"Democrats had a 13-point party identification advantage among California voters, compared with an even split nationwide," wrote Jack Pitney, a professor at Claremont McKenna College, on the National Review's blog. "California voters approved of President Obama's performance by a 10-point margin, whereas the national electorate disapproved by nine points.
"It's a different kind of state," he said. That may be the understatement of 2010.
A large part of the state's Democratic tilt comes from its massive Latino population. The Los Angeles Times noted that it made up 22% of the voting pool, "a record tally that mortally wounded many Republicans."
Indeed, Latinos went for Democrats by 2-to-1 — perhaps ending the naive idea of some in the GOP of a New Majority built on the burgeoning Latino population.
But the real political problem lies in Sacramento, the state capital, which is run not so much by politicians as by the unions they've sold out to — state employees, nurses, teachers and prison guards.
For their part, politicians have largely ignored the state's crumbling infrastructure, failing schools and dismal job market. And it's about to get worse.
Voters also approved a new measure requiring a simple legislative majority to approve a state budget. It previously took two-thirds, giving Republicans far more leverage. Democrats, in other words, will now find it even easier to spend money they don't have.
Moreover, as its tax base shrivels, the state is lurching ever closer to fiscal insolvency. At some point, it will ask Congress for a bailout, and how likely is that with the new Republican majority?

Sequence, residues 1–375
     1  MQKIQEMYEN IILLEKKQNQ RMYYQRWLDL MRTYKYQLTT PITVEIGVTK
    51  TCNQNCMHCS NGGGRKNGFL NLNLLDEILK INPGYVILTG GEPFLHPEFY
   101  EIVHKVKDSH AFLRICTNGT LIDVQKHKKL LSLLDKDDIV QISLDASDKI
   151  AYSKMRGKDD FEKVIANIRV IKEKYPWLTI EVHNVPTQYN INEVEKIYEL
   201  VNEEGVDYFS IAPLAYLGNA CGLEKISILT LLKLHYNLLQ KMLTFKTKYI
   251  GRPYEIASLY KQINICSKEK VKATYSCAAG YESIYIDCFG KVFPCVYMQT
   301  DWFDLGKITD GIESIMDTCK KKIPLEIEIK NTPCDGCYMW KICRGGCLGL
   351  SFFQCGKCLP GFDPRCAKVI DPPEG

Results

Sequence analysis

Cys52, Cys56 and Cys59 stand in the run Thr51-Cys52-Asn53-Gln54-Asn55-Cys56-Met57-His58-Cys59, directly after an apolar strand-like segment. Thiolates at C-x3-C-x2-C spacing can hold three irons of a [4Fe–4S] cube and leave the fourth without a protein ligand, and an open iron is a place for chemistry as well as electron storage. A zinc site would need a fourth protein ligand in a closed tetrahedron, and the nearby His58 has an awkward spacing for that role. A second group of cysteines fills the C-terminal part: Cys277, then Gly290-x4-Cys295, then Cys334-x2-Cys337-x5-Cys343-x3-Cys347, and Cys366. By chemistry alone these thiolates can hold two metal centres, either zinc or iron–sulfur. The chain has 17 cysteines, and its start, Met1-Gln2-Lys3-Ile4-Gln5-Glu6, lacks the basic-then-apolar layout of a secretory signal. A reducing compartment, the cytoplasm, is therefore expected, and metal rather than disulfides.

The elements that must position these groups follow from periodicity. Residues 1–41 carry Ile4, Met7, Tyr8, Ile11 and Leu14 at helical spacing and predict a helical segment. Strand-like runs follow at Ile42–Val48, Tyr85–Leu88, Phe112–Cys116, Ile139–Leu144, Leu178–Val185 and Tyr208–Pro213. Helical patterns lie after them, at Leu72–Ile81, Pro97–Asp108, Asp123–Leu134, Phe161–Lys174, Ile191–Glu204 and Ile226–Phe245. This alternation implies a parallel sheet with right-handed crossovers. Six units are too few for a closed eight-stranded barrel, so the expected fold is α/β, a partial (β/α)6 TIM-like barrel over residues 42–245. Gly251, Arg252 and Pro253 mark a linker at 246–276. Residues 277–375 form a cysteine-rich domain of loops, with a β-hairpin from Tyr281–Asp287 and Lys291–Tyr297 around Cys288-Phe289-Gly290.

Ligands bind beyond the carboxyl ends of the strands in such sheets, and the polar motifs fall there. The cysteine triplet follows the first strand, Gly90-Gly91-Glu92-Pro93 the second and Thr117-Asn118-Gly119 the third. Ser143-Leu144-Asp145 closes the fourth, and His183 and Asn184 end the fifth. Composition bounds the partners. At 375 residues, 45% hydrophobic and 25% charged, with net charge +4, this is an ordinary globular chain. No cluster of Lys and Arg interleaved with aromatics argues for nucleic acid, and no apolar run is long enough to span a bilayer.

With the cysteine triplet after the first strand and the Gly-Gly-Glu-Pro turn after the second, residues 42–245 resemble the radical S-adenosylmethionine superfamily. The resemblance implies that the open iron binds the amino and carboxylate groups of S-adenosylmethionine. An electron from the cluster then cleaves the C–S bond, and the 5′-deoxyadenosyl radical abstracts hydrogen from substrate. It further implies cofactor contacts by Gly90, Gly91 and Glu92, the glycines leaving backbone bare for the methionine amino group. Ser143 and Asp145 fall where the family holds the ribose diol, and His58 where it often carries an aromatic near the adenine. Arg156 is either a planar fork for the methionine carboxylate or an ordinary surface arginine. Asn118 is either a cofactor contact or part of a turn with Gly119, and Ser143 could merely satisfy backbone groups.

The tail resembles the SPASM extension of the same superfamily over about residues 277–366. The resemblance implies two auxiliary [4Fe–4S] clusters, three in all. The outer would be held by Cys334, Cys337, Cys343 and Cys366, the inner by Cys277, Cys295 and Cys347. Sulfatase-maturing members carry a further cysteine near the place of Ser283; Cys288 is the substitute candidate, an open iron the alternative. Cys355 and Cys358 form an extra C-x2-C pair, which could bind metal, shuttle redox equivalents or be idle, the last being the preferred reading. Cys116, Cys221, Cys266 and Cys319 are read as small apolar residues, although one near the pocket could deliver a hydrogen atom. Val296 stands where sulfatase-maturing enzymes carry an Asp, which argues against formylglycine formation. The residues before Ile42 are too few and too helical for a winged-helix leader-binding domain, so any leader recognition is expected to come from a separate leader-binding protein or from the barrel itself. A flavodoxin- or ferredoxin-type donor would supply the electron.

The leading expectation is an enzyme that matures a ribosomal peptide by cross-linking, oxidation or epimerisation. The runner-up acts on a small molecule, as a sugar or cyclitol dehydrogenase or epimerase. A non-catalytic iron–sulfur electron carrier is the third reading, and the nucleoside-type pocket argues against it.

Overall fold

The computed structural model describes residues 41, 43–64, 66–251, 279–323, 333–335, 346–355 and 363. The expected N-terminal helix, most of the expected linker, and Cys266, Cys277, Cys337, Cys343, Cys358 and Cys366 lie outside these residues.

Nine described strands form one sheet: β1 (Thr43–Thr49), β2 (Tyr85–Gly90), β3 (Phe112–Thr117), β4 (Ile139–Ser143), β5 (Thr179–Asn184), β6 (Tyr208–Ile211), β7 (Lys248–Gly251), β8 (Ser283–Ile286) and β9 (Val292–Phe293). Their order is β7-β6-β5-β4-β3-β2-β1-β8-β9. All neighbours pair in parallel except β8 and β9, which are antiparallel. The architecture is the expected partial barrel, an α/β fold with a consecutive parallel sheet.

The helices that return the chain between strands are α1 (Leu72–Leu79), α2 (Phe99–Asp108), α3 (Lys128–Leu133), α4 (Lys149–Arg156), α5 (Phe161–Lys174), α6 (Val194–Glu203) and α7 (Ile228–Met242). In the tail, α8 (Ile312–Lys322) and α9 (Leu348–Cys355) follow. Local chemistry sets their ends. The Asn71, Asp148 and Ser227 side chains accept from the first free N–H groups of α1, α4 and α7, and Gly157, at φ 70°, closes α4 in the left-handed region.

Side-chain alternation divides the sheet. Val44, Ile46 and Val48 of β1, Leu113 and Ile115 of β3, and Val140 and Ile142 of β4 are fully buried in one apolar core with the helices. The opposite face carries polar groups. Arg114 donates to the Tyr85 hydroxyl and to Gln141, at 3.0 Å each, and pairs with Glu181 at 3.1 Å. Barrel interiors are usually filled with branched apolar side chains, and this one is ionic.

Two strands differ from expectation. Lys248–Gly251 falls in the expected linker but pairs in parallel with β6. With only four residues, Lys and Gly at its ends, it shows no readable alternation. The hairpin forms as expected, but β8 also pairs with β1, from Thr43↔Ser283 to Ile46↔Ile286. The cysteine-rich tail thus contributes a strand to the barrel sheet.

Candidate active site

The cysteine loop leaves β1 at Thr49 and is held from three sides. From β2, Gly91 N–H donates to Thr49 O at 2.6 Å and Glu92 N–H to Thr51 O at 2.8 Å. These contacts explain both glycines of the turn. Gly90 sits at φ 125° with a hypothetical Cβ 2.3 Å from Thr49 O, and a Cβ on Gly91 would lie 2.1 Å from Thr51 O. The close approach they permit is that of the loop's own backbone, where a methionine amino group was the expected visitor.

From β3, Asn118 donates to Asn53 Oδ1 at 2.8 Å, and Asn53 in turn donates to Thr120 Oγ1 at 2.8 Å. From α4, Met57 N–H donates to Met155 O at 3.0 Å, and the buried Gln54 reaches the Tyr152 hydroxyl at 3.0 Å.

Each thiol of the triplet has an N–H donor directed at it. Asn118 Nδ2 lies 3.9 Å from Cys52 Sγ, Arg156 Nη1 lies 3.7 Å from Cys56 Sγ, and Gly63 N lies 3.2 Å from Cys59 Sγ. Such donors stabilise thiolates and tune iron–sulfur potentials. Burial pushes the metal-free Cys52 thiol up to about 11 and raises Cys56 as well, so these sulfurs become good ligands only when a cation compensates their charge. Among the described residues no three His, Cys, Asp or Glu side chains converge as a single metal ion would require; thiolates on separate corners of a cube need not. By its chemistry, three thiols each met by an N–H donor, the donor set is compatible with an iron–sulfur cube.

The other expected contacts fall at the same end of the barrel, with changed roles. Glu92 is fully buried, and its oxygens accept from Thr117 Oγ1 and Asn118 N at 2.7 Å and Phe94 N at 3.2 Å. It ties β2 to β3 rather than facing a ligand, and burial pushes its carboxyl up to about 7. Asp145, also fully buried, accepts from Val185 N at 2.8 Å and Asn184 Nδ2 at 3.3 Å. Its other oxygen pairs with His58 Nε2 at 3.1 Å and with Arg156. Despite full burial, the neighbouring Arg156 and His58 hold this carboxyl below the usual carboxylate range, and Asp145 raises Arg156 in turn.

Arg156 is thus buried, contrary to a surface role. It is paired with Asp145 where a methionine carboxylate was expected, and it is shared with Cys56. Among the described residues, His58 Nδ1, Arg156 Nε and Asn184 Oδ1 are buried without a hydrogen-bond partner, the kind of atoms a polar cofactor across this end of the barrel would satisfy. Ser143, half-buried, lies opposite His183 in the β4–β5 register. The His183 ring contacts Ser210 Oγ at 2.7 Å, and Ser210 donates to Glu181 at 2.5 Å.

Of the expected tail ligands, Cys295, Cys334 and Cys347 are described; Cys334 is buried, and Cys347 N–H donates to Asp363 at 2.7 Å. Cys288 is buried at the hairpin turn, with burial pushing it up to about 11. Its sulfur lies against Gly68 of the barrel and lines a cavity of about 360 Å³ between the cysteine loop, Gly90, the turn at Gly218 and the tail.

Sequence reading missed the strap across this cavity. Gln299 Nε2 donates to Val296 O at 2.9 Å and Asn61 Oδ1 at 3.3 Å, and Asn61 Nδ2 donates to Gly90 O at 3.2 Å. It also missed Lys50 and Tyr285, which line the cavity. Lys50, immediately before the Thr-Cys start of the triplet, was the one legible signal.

Worse is the feeling among the state's businesses of an entrenched, almost pathological antipathy toward any job-creating activity.
As Cypress Semiconductor CEO T.J. Rodgers memorably put it: "The killer factor in California for a manufacturer to create, say, 1,000 blue-collar jobs is a hostile government that doesn't want you there and demonstrates it in thousands of ways."
So far this year, thanks to California's unfriendly political environment, strict regulations and high taxes, 32 companies have announced they'll either expand elsewhere, move or shut down operations, according to the California Manufacturers & Technology Association.
For many, it's as simple as ABC — Anywhere But California. This is an issue near and dear to our hearts. Investor's Business Daily was founded in 1983 in Los Angeles — and for a quarter of a century has proudly called California its home.
But we too have been affected by the state's poisonous, anti-business political environment. With de facto one-party rule in the state since the 1960s and few signs of change anytime soon, our optimism about the state's future has begun to wane.
As a result, sad to say, much of IBD's future growth will happen at a new facility in Texas — where local and state authorities have bent over backwards to make us feel welcome.
California was once like Texas, but lost its way. Today, when comparisons are made, California is most often compared to Greece — another idyllic place with a sunny, Mediterranean climate on the verge of bankruptcy.
In the end, only the voters of California can change things. But on Tuesday, they opted for more of the same governance that will only make conditions worse.